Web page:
Martin, a freelance press photographer, was sent by the local paper to the scene of a fatal cycle accident. The emergency services were already present at the scene, which was cordoned off by the police.
|Police take exception to presence of photo-journalist|
From outside the cordon, Martin began to take photos. Some police present took great exception to this, he was assaulted by being rugby tackled, held in a headlock and pulled around, his camera was seized and he was threatened that his vehicle would be seized also. He was also roundly abused and called a “sick pervert”. His protests that he was an accredited photographer, only doing his job and not photographing the deceased, went unheeded.
Martin was badly shaken up, the assault aggravated longstanding back problems but more importantly, he suffered an adverse psychiatric reaction which left him with a low mood. He felt generally lethargic and had problems concentrating. His sleep was disturbed. He lost interest in seeing friends or socialising. He was prescribed anti-depressants It was recommended that he undergo a course of cognitive behaviour therapy to overcome these problems.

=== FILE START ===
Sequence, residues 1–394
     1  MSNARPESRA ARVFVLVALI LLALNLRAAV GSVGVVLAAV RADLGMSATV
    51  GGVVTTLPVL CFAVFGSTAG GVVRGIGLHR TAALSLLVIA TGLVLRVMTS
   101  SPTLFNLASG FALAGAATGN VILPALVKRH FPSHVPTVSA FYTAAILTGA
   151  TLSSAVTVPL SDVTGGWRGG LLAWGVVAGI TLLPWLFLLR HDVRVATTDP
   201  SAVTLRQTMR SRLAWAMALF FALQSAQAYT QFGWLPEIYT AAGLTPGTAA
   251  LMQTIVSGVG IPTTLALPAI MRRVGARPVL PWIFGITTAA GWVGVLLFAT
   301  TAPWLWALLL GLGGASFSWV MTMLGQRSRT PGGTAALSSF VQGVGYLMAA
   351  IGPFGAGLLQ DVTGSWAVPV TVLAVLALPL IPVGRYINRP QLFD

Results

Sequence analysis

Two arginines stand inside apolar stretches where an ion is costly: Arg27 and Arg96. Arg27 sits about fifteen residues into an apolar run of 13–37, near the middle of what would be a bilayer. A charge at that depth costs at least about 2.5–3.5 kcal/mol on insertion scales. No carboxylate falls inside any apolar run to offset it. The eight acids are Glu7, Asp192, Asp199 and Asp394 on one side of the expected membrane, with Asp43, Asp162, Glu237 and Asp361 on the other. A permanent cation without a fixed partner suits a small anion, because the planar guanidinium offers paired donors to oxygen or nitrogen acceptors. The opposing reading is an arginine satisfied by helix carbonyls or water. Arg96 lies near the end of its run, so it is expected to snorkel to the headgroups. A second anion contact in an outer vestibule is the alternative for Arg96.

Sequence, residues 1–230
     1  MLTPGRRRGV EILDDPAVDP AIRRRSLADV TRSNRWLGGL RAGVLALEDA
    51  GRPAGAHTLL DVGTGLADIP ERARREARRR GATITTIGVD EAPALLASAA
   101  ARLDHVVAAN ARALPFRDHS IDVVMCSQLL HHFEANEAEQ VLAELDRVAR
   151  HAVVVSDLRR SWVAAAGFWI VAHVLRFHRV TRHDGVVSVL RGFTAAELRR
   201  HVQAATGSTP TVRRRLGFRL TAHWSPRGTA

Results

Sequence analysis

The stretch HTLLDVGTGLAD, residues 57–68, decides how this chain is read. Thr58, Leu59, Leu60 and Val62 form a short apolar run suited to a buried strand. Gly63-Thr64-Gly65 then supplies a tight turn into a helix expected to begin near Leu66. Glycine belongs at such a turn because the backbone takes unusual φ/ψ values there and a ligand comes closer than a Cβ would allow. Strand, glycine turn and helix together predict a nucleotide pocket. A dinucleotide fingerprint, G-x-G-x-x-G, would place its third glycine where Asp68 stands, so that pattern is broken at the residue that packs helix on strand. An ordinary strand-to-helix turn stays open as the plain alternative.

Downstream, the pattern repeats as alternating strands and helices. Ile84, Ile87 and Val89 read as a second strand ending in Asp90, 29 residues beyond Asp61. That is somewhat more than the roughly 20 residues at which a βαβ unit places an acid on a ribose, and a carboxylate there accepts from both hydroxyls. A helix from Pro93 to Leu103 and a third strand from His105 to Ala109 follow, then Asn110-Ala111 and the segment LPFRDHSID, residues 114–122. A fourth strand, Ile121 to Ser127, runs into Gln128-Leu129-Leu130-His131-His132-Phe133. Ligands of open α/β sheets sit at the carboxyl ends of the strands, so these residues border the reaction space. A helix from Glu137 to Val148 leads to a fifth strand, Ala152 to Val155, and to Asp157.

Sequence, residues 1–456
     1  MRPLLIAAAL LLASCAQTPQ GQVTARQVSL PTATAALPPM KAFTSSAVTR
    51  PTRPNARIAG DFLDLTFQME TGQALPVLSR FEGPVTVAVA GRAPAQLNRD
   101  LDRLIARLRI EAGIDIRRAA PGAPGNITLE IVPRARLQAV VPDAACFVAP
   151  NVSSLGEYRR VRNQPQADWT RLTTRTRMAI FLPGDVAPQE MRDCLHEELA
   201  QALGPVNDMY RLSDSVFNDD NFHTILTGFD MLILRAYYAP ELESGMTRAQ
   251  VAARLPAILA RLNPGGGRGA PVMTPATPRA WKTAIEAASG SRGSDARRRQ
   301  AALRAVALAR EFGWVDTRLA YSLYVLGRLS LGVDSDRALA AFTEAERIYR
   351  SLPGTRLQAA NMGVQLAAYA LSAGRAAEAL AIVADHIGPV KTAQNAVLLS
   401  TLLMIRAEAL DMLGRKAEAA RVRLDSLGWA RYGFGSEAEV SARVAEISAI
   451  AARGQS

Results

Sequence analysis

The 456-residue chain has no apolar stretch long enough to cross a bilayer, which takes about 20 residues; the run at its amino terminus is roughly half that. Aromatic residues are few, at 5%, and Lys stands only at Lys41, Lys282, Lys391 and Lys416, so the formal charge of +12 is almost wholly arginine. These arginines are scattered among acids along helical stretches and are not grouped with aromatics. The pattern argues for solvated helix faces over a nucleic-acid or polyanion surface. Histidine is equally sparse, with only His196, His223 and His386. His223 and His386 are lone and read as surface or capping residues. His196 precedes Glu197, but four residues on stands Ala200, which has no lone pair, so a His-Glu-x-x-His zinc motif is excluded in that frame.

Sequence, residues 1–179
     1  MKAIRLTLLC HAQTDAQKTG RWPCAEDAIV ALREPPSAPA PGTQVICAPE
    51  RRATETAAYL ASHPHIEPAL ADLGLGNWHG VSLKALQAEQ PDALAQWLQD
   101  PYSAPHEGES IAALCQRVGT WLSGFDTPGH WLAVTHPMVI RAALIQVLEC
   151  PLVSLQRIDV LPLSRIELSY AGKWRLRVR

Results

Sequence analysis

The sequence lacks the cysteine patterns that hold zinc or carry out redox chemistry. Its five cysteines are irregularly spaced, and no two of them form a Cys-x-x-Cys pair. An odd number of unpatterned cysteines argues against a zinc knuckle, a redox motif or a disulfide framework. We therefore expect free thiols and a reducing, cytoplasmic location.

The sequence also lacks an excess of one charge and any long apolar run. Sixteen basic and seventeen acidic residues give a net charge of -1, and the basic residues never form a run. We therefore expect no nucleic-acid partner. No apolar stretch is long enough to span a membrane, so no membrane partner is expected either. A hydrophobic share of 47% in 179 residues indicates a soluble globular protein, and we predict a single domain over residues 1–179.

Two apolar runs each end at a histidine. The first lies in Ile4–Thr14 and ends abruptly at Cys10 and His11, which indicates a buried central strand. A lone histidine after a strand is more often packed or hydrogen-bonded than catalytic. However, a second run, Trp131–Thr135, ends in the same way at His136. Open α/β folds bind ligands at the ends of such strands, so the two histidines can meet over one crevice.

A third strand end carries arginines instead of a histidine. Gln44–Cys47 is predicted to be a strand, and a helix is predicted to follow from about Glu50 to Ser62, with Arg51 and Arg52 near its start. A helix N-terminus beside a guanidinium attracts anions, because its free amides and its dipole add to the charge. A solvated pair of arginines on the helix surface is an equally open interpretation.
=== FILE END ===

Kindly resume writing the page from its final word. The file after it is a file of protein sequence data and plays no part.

The Metropolitan Police had accepted at a relatively early stage that what their officers had done was unjustified and confirmed that they would not contest liability. But they did contest the claim for damages we put forward, and they attributed most of Martin’s problems to underlying difficulties in his history. There was some evidence in Martin’s medical records of these difficulties.
Fortunately, a settlement was reached shortly after the issue of proceedings, with Martin recovering almost £13,000 for the pain, suffering and psychiatric disturbance which had been caused by the assault. The Metropolitan Police also agreed to pay Martin’s costs in full.
In English law, defendants cannot escape liability for their wrongful acts by saying that their victim already had –eg - a bad back. The legal rule is that the defendant takes his victim as he finds him. So it’s bad luck on the defendant if his victim happens to be more vulnerable to injury. In fact this is known as the “thin skull” rule.
But often the real battleground is the cause of the claimant’s condition, ie to what extent is the claimant’s pain and suffering attributable to the incident as distinct from pre-existing problems, which had or would shortly have appeared, even without the incident? Many cases resolve because both parties recognise that there are risks in proceeding to trial where the outcome cannot be predicted. In fact most accident cases are resolved far short of the trial itself. The skill lies in securing a good outcome for the client as quickly as possible.